Loreto Grammar School raises awareness on human trafficking
Human Trafficking is the sale, transport and profit from people who are forced to work for others against their will. This trade is the world’s fastest growing crime.
In December 2010, Sixth Formers from Loreto Grammar School received a visit from a local Church member as part of their General RE programme; they were introduced to the subject of Human Trafficking. The talk brought the issue close to home as they told of the human trafficking which is taking place in their home city of Manchester. One account highlighted the story of a woman who sold her own daughter to fund her drug habit, tricking her into believing she was going on holiday when in actual fact, she was being sold to a man her mother did not even know. The girl was abandoned without a passport in a strange country and sold into the sex trade. For our students the story of a mother exploiting her own daughter was particularly hard to hear. After this talk our General RE groups explored the nature and reality of sex and labour trafficking in the world today.
Loreto Grammar School is an all-girls’ Catholic school; as such, the exploitation and dehumanisation of young women all around the world is particularly pertinent. Our mission is rooted in Gospel values and the tradition of Mary Ward. We believe in the dignity of each and every human person, created in the image of God. ‘He came that we may have life and have it to the full.’ (John 10:10). A society that allows human trafficking is a society which denies all its members a full human life.
In September 2010, Dr. Gemma Simmonds, a sister of the Congregation of Jesus spoke at our annual Speech Night. She gave an inspiring talk about the power the Loreto girls have as young women of faith. When they heard about Human Trafficking months later, they put these two ideas together. Shanice Newsholme, a year 12 pupil was particularly outraged and energised on this issue and decalred: “We’re Loreto, we don’t stand for this, we stand up for this” and this was the beginning of our work to raise funds and awareness for human trafficking.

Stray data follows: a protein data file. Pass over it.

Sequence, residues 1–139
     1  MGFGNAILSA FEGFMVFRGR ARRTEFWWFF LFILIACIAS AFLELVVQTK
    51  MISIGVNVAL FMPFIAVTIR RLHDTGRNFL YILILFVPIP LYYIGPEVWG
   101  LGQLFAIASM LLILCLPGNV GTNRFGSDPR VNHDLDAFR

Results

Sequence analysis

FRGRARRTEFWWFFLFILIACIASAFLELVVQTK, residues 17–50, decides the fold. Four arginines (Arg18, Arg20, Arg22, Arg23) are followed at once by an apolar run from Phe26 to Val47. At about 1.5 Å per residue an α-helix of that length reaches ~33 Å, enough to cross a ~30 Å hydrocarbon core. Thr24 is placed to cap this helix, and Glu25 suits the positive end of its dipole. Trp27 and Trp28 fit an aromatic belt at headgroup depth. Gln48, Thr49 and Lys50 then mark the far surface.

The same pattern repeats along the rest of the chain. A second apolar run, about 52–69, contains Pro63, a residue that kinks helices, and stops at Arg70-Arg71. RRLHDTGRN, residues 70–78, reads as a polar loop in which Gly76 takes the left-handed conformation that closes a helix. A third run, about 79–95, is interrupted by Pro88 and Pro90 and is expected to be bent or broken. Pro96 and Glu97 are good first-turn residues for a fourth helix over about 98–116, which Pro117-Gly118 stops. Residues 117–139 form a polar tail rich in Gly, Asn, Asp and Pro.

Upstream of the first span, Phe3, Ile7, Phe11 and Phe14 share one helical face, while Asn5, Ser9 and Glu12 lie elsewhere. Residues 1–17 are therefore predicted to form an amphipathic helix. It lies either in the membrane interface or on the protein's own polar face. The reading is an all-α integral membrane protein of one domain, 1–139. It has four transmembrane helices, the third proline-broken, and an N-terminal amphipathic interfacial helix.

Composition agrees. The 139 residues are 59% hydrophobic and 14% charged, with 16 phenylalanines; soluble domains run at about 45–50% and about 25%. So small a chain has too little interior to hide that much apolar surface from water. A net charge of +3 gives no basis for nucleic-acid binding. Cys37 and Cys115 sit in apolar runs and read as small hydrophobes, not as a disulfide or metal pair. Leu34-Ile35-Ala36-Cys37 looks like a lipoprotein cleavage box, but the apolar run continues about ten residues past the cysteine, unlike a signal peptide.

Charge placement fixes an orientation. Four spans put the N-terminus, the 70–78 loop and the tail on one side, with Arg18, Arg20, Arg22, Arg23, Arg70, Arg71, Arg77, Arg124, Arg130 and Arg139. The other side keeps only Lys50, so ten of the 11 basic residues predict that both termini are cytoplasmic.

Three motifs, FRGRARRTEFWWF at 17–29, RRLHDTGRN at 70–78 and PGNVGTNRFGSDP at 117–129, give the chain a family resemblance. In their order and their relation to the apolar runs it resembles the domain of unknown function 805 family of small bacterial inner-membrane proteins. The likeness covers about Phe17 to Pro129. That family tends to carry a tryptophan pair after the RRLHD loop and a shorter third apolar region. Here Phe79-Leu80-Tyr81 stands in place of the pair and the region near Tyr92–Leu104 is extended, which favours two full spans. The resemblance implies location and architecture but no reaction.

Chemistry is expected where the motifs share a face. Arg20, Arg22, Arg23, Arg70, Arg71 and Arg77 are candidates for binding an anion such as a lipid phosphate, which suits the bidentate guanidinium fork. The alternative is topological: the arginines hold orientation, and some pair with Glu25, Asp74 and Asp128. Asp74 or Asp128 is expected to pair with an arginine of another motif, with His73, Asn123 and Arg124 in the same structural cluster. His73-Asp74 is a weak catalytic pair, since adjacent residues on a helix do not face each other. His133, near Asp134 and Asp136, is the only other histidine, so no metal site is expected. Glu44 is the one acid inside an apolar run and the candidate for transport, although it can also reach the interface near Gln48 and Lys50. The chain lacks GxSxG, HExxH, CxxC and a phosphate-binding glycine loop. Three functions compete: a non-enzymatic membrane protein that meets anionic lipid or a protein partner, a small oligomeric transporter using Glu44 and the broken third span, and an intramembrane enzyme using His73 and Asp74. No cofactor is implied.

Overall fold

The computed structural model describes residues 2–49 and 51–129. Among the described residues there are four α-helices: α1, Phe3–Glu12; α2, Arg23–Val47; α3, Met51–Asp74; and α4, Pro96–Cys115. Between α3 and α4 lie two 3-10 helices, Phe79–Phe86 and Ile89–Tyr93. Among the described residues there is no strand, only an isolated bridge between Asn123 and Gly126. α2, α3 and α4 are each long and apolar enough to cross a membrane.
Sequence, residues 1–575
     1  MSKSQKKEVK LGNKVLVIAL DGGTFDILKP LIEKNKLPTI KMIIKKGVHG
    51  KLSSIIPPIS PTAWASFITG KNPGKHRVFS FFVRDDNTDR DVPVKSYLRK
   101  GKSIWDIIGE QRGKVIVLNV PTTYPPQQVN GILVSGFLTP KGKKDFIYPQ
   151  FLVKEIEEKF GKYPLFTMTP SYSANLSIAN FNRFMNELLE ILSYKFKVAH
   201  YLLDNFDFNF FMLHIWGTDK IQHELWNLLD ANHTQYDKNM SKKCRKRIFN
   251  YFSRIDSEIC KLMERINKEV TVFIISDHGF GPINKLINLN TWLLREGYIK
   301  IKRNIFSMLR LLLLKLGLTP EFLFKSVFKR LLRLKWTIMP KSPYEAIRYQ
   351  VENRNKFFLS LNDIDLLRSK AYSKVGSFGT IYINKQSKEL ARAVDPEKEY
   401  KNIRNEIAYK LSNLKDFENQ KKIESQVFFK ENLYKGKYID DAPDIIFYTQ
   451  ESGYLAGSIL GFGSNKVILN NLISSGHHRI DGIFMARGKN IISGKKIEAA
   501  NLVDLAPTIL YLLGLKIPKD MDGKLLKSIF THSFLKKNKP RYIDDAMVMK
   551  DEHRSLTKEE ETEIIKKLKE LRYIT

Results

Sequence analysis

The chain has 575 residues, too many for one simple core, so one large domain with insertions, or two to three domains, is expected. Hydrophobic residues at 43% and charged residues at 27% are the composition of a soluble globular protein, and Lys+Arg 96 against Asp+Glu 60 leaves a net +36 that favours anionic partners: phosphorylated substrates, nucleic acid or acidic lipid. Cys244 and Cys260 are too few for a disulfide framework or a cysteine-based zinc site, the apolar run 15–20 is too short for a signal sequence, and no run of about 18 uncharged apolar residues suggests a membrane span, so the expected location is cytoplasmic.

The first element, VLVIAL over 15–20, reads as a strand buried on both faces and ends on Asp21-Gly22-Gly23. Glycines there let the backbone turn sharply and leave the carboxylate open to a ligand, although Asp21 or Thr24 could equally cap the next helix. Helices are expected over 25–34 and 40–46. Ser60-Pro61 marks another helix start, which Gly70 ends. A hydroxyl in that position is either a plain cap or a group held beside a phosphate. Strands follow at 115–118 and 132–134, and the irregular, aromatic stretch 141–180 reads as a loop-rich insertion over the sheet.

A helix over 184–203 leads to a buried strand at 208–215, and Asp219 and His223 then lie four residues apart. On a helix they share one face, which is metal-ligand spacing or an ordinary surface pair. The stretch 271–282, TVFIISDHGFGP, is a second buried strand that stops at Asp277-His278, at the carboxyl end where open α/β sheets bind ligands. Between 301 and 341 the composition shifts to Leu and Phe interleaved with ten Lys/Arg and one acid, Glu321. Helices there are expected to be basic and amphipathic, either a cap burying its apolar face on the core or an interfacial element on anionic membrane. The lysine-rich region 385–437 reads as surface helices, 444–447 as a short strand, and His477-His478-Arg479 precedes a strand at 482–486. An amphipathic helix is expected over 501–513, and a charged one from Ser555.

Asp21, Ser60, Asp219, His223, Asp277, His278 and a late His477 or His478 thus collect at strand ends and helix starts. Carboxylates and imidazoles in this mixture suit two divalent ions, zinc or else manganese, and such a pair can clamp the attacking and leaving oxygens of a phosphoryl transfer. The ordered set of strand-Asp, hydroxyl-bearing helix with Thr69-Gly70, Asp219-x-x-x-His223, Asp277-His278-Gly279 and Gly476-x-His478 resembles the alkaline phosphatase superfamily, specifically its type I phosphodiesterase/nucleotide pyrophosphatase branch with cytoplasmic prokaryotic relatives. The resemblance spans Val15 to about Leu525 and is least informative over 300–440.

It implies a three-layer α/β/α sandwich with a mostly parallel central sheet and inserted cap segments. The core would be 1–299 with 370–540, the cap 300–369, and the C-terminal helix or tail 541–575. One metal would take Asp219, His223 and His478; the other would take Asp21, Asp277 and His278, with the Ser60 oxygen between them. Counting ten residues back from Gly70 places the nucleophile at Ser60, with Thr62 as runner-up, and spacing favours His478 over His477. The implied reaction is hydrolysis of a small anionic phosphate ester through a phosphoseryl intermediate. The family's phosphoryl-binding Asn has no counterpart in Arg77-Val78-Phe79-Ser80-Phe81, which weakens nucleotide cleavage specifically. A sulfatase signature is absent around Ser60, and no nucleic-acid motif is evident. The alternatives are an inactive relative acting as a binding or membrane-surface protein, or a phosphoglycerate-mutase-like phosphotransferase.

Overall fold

My students at Loreto Grammar have now taken it upon themselves to raise awareness about the issue not just within the school but at a community and government level; they have run poster campaigns, written letters to local MPs and the Prime Minister, petitioned multi-national corporation Nestle to commit to traffic-free cocoa as part of Stop the Traffik’s Valentine’s Day campaign and reached out to other Catholic Head Teachers in the diocese offering resources to teach their students about Human Trafficking. Most recently students took to the streets of Altrincham, Cheshire to hold a “human sale”; a stall was set up and price tags were attached to the students’ uniforms to demonstrate the way in which people are being bought and sold like commodities. The aim was to make a statement about society allowing this practice to happen and to challenge people’s awareness.
The work of the students are a testament to the fact that young people are deeply committed to building a more just world and give us all hope for the future.
Cheryl Miller is an R.E teacher at Loreto Grammar and is deeply committed to faith in action.
Sister Imelda Poole IBVM, who leads inspirational anti - trafficking work in Albania continues to inspire the girls of Loreto Grammar and throughout the year they hold fundraising and awareness raising events to support her very important work.